In transforming a Vintage Club home into a 21st century desert look, Stefan Vogel and Valentina Reutow, who own Von Dassel Group, Inc. in Rancho Mirage, also opened up spaces inside the house to bring the outdoors inside. The single-family home fits into a unique niche of Vintage Club offerings priced in the $2 million to $4 million range. The couple's changes brought in more natural light and created open looks between areas, such as the kitchen to the dining room, and tablet computers bring cutting edge technology to running the home.
Photo at left by Jim bartsch; photo at right by george gutenberg
Stefan Vogel and Valentina Reutow gave the kitchen a makeover, connecting it to the dining area while adding new design elements.
Elizabeth Benton is another investor making waves at The Vintage. Since joining The Club in June 2011, Benton, a former stockbroker, has bought, renovated, and sold five Vintage Club properties and currently has four more in the works.
“I try to create something that will bear the test of time,” she says, “something not easily labeled as a certain period.”
Indeed, the way we enjoy our homes has changed from generation to generation. While most of the early Vintage Club houses were built with formal dining rooms and elaborate living rooms, along with staffed kitchens tucked away out of sight, today’s sense of luxury is more open and relaxed. In her renovations, Benton likes to orient the kitchen to the view and expand that space to include a family area with a large flat-screen TV, an oversized fireplace, and pocket sliders that open to the outdoors. This open layout encourages a more informal lifestyle that begins in the kitchen, where families tend to gather and socialize. Benton also likes to incorporate sophisticated materials, such as stone, wood, and glass, replacing the Tuscan-style stucco and stiff formality of the past.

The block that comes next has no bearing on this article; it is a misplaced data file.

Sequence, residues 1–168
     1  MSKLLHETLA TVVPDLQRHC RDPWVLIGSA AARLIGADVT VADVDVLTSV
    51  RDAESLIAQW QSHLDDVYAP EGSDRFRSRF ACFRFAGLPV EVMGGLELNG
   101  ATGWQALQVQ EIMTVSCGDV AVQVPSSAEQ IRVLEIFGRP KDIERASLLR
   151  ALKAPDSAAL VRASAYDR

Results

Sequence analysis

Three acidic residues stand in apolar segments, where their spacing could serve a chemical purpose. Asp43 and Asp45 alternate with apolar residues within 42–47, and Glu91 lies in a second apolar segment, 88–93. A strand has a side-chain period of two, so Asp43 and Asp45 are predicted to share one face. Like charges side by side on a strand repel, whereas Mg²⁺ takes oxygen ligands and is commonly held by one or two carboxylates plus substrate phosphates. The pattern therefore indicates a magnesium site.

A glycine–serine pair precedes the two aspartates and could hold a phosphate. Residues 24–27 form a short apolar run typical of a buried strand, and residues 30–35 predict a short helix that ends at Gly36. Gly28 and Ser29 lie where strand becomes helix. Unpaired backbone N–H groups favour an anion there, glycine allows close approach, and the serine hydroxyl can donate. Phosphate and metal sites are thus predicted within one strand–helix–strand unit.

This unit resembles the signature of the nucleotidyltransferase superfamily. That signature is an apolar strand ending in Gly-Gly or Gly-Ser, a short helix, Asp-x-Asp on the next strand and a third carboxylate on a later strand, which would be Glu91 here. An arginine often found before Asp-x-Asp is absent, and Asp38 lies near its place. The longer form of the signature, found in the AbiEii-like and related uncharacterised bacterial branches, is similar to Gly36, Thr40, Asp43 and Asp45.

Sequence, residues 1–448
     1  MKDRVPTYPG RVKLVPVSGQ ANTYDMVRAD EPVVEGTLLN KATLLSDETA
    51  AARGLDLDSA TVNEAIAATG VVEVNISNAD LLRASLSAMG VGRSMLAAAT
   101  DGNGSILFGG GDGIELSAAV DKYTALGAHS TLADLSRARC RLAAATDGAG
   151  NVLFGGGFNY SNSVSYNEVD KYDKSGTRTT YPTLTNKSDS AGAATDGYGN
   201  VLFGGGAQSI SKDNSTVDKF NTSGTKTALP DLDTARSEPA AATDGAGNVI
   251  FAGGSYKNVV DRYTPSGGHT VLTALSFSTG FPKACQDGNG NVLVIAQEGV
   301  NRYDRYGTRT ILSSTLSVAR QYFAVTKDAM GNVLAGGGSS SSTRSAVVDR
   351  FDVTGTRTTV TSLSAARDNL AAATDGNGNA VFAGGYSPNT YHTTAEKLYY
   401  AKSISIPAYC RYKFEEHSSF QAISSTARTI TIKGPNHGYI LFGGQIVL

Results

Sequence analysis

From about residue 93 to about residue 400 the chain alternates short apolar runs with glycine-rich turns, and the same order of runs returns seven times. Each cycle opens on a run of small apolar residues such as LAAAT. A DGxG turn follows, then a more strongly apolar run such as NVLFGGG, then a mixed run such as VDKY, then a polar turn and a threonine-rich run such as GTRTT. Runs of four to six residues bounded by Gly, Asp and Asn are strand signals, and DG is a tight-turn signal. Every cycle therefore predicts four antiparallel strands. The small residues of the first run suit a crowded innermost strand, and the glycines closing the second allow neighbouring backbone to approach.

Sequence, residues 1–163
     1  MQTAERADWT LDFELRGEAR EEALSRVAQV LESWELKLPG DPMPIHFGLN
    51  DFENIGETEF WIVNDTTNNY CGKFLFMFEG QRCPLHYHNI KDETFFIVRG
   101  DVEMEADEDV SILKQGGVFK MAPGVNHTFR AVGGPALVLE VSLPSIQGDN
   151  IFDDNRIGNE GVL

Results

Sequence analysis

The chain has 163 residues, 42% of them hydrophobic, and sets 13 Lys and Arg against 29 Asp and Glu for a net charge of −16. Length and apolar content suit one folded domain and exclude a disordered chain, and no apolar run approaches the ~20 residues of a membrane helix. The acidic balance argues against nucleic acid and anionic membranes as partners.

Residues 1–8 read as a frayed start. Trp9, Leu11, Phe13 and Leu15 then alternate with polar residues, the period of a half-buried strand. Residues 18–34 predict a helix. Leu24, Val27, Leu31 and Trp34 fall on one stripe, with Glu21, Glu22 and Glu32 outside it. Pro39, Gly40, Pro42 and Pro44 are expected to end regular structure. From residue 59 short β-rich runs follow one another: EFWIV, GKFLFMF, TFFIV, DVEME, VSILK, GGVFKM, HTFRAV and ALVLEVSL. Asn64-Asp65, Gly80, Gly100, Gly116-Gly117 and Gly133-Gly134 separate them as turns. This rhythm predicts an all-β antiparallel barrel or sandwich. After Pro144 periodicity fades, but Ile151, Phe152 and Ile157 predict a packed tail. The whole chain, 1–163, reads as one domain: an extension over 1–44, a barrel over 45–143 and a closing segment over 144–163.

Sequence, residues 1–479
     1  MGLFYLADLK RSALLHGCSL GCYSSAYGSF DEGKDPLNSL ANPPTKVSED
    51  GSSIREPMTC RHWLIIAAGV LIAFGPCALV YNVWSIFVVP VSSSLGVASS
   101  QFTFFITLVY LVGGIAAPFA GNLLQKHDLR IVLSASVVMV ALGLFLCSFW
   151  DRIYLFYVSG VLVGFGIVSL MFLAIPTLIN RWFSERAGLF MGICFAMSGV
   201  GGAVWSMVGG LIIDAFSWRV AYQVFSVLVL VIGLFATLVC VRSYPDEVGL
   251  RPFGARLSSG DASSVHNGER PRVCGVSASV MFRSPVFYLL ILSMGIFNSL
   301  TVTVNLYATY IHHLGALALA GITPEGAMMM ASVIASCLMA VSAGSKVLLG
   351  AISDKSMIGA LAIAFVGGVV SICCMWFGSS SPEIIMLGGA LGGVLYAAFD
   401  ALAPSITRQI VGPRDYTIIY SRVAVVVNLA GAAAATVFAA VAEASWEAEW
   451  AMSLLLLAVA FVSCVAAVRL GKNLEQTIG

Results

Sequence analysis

photo by george gutenberg
Elizabeth Benton’s redesigns favor generous outdoor living spaces. Inside, the white-on-white décor is accented with organic materials such as stone, wood, and glass.
Beyond just minimizing the distinction between indoors and out, current remodels invariably involve the creation of generous outdoor living spaces with areas for shade, a fire pit, and al fresco dining. The result is a well-planned exterior that becomes part of the home’s interior—perfect for entertaining and a relaxed living experience.
That sense of ease extends to prevailing color palettes as well. Favored by most buyers, Benton’s neutral white-on-white palette is enlivened by bursts of color in pillows and fabrics that can be easily personalized. Most homes are sold fully furnished, right down to bedding, towels, and artwork on consignment: buyers can choose to purchase the package of artwork or work with the gallery to swap some pieces out.
“People buying a second, third, or fourth house typically don’t want to spend the time remodeling at a place where they just want to relax, vacation, and play golf,” Benton says. “Because they prefer to see what they’re going to get, we furnish the homes so buyers just have to bring clothes and a toothbrush.”
Streamlined living is also part of a trend dubbed “the Internet of things.” State-of-the-art technology can now control and monitor everything from lighting and blinds to entertainment and security. Energy efficiency, including solar power, is another benefit of the redos.
“This program is great for The Club,” says Benton. “I’m a Member and I do this for a living, but I have the best interests of The Club in mind. It’s the most beautiful development and wonderful membership I’ve ever been affiliated with.”